• The Babadook (2014): This Australian horror delves into themes of grief, trauma, and the monstrous manifestations of suppressed emotions. Like Adelaide in "Us", the protagonist Amelia struggles with a dark force, blurring the lines between internal and external horrors.

  • Hereditary (2018): This deeply unsettling horror explores family, inherited trauma, and the insidious ways the past can invade the present. Like "Us," it uses a seemingly typical family as a conduit for deeply disturbing supernatural occurrences.

  • Midsommar (2019): This folk-horror film follows a group of friends who travel to a remote Swedish commune for a summer festival, only to be drawn into a disturbing pagan cult. Its themes of community, manipulation, and the darkness lurking beneath a sunny facade share certain parallels with the world of "Us."


Us 2019 Reviewed FAQs


Q: What is the plot of the movie "Us"?

A: "Us" follows the Wilson family, led by Adelaide Wilson (played by Lupita Nyong'o), on a summer vacation to Santa Cruz. Childhood trauma resurfaces for Adelaide at the beach, and that night, the family is confronted by terrifying doppelgängers of themselves known as the Tethered. These doubles, dressed in red jumpsuits, emerge from a network of tunnels beneath the surface and relentlessly pursue the Wilsons in a desperate and violent struggle for survival.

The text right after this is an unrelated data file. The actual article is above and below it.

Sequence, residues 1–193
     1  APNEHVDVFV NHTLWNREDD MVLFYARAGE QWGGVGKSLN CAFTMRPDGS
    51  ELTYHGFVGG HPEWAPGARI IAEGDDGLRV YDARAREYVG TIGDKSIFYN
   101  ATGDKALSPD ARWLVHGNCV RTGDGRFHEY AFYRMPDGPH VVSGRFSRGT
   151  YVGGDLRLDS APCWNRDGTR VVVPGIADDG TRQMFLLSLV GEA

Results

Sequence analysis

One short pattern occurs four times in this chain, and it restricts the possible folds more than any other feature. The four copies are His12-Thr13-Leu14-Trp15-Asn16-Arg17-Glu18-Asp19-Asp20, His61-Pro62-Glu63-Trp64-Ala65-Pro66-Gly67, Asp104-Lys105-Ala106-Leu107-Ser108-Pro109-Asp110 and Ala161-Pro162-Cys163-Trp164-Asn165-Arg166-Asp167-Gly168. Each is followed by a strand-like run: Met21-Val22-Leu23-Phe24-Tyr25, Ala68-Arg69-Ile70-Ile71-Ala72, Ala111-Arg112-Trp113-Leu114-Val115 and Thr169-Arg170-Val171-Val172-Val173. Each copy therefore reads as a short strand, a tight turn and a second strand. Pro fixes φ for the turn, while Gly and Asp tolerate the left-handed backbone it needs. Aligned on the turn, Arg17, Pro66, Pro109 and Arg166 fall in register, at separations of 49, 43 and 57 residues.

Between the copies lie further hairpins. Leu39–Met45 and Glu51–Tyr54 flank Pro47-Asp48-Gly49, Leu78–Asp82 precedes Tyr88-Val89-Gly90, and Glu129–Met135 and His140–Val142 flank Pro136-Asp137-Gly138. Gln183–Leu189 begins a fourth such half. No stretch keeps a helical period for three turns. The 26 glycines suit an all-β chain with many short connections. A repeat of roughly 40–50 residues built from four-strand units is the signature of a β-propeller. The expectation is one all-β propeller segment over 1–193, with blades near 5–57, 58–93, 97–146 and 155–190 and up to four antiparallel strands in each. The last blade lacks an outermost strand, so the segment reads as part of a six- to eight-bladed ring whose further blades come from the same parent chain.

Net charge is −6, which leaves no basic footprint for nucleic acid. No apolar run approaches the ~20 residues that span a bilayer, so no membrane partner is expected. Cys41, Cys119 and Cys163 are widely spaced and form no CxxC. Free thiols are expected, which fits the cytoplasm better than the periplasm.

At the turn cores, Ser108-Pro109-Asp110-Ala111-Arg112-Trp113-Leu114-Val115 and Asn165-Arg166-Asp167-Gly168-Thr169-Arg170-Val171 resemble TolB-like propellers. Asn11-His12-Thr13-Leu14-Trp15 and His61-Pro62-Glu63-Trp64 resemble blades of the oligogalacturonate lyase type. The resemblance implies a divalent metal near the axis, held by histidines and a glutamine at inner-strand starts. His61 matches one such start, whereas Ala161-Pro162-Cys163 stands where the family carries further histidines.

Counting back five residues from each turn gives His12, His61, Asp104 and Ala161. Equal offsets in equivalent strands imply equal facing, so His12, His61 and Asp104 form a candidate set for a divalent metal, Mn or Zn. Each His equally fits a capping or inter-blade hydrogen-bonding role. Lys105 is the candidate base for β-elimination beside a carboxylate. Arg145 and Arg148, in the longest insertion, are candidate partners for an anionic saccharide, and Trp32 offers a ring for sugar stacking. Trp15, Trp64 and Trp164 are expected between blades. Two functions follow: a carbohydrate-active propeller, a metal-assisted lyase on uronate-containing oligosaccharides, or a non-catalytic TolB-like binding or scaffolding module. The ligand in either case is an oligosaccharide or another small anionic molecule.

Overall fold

Q: Who are some of the main characters in "Us"?

A: The main characters in "Us" include:

Adelaide Wilson: Played by Lupita Nyong'o, Adelaide is both loving mother and haunted by a childhood encounter with her own doppelgänger.

Gabe Wilson: Adelaide's husband, played by Winston Duke, is a well-meaning but somewhat oblivious father trying to connect with his family.

Zora Wilson: The Wilson's teenage daughter, played by Shahadi Wright Joseph.

Jason Wilson: Played by Evan Alex, the youngest Wilson, he's an imaginative child drawn to magic and masks.

Red: Adelaide's menacing doppelgänger and the leader of the Tethered. Nyong'o portrays her as well, using a chilling, guttural voice.


Q: What are the critics saying about "Us"?

A: "Us" has received widespread critical acclaim, particularly for Lupita Nyong'o's dual performance, Jordan Peele's masterful direction, and the film's thought-provoking exploration of social commentary. Some critics found the complexity of the film's symbolism and its final twist challenging to parse, but the majority found it both terrifying and intellectually rich.